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What is a Traceroute?

Traceroute is a very common feature, which is integrated into most operating systems. It is useful for analyzing network connections.

The traceroute indicates the path of a packet. It follows the path of your host/computer through each of the individual routes that process the package. It also indicates how long it takes to move from one router to another, to its final destination.

How a Traceroute works

When you run the traceroute command, it sends a packet. To do this, it uses the Internet Control Message Protocol or ICMP, and includes a time limit value (time to live or TTL). The first package has a TTL of 1, the second package has a TTL of 2, etc.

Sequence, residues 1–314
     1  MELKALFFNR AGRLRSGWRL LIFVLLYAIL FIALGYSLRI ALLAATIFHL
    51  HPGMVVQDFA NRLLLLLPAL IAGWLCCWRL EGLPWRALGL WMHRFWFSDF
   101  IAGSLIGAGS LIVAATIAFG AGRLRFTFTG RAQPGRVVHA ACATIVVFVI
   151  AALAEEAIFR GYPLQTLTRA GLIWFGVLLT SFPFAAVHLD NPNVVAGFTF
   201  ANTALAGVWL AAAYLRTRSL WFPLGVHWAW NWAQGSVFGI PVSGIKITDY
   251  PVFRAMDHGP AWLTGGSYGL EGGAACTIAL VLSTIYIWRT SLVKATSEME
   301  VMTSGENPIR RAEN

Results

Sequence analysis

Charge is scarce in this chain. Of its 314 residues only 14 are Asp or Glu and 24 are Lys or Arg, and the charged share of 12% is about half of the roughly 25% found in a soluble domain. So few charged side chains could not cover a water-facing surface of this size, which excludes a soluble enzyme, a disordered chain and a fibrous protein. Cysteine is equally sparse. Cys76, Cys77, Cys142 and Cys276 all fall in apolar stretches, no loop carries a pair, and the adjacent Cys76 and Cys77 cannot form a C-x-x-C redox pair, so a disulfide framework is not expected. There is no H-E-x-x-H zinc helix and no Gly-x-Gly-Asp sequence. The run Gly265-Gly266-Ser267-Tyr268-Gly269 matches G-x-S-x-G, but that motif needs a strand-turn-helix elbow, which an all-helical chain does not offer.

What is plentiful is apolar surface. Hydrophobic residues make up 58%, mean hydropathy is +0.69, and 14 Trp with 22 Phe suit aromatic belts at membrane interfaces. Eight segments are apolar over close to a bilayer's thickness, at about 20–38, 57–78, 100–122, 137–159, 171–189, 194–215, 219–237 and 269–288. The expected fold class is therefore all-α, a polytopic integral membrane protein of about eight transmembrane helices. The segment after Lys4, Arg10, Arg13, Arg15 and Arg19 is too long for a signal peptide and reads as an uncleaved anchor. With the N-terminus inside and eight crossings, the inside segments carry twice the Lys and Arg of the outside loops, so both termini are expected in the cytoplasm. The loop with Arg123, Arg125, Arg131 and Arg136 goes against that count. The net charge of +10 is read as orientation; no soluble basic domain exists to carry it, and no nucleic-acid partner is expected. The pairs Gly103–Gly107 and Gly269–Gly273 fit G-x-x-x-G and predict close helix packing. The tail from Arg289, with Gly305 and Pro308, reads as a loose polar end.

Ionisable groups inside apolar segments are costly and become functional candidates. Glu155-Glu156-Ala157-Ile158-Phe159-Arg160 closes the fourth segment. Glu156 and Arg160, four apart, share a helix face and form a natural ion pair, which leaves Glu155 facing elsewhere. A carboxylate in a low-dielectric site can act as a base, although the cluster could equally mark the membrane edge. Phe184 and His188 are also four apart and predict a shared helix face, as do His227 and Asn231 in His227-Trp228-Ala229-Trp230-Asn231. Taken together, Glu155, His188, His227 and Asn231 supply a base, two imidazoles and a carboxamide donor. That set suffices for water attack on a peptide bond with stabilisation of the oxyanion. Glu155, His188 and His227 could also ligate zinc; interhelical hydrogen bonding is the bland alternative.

By increasing the TTL, the traceroute resets the packet so that you can reach the first, second and other routers on the way to the destination. When a router receives the packet, it sends a Time Exceeded message, which determines the time required for the journey to the router.

Each time a packet is passed to a new router, the TTL is reduced by 1. When it reaches 0, the packet is discarded, and the router sends an error message.

The traceroute determines that the packet has reached the destination by including a port number outside the normal range. When reached, the message Port Unreachable is sent back, defining the duration of the final jump.

The traceroute gives you the information for each step. Each jump is determined three times. When a website is inaccessible or slow, a traceroute lets you see where the connection fails or slows down.

Updated on: 28/04/2023

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